Dr Ishida said many of the elderly in Japan do not have a good quality of life like Arai. “Many older Japanese suffer from bad health and end up spending their time in bed,” he added. “There are about 700,000 elderly throughout Japan who are bedridden.”
The mutual support custom of families taking care of their elderly is declining and it puts more pressure on the government to care for the elderly. Social welfare has not worked because it is inadequate to meet the existing demands, given the growing elderly population and since many people cannot afford the cost of hospital services, said Ishida.
Due to sorely limited elderly care services and society’s seeming inability to adequately deal with the issue of aging, some of the elderly suffering from Alzheimer’s disease are tied to beds to stop them from getting up and walking around, he said.
He said one out of four people in Japan will become elderly soon, so the most important thing is to prevent them from becoming bedridden, getting Alzheimer’s or other diseases. The bottom line is that Japan needs to work on preventing these illnesses from middle age on, he said.
Ishida believes there is not much hope that counter measures will stop the declining population, which means Japan needs to adopt more family-friendly policies.“For example, the [government-mandated] retirement age of 60 years is way too soon because these people are left with nothing to do,” he said. “We need to change many of our current structures and systems.” Despite the mandatory retirement, many Japanese companies allow their employees to continue working over the age of 60.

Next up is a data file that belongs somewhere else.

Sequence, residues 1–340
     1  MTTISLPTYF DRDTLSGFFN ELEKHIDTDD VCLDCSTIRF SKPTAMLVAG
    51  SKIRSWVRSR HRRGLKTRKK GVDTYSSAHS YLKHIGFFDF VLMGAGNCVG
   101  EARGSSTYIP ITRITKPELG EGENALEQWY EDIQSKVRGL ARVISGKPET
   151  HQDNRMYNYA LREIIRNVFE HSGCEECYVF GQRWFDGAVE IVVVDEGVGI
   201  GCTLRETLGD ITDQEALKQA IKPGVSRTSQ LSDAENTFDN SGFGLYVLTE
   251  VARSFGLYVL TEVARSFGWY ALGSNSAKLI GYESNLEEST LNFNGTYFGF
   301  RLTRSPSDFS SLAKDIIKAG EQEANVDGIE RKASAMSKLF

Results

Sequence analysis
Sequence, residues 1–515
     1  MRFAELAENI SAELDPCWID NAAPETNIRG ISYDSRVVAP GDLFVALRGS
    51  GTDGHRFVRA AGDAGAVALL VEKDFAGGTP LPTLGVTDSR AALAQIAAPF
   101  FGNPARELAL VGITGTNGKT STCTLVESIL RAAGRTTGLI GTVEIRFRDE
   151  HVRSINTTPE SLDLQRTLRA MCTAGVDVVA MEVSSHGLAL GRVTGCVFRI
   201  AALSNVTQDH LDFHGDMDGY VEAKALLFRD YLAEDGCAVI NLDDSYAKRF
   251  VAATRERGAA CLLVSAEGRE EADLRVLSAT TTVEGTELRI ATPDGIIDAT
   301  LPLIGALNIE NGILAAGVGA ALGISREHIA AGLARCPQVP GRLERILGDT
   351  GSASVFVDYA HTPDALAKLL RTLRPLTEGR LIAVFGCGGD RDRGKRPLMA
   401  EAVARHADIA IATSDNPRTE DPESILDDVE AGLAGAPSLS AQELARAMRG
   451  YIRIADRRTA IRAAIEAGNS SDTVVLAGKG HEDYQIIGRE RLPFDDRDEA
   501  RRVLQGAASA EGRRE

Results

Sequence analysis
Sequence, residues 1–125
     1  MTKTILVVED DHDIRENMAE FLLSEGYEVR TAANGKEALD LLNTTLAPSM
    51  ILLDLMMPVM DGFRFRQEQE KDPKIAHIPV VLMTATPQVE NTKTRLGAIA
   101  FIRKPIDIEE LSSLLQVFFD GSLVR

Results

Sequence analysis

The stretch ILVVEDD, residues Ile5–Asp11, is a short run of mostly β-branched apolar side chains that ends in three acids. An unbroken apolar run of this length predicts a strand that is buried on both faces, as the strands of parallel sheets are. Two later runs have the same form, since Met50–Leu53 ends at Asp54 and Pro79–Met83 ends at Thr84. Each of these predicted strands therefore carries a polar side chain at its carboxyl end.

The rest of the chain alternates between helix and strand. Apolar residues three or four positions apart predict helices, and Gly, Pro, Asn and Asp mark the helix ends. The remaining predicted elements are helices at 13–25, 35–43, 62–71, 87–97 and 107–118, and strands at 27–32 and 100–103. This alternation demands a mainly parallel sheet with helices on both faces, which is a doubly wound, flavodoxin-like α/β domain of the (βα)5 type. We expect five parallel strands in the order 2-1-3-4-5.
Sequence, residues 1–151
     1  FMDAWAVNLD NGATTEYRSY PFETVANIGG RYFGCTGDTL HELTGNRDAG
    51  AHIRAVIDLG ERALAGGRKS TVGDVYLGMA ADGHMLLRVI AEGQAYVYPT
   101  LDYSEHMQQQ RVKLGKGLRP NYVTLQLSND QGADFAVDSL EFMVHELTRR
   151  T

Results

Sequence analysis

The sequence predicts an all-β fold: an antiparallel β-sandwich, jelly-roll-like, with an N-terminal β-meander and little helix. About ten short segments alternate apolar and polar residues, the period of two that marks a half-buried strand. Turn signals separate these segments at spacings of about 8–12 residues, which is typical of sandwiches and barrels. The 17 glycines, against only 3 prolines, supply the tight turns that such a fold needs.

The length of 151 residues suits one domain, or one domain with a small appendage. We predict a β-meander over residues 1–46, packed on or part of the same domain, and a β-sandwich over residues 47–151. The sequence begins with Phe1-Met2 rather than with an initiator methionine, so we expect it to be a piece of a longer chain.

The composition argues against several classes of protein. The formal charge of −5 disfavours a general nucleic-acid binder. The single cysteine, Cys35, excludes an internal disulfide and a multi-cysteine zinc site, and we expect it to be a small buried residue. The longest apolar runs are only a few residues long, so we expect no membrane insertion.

The biggest challenge for Japan will involve sustaining output growth and preventing a decline in the standards of living despite a contraction in the labour supply, according to a report by the Asian Development Bank (ADB), ‘Aging in Asia’, which was released in February.
“Education reforms will also be needed to help young adults enter the labour forces, removing barriers to the participation of women; and increasing mandatory retirement age, or scrapping it altogether,” said the report.
The ADB warned that Japan needs to reform its current structures to meet the challenges of an aging society—and that requires a big head start, it said.